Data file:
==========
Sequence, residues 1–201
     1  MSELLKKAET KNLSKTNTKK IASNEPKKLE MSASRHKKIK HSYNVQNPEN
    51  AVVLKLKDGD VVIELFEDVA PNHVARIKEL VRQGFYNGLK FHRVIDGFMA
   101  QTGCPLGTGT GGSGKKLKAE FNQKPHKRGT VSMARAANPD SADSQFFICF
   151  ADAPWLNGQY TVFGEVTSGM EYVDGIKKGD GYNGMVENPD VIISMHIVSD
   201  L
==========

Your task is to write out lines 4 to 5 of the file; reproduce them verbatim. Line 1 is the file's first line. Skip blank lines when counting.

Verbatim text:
   101  QTGCPLGTGT GGSGKKLKAE FNQKPHKRGT VSMARAANPD SADSQFFICF
   151  ADAPWLNGQY TVFGEVTSGM EYVDGIKKGD GYNGMVENPD VIISMHIVSD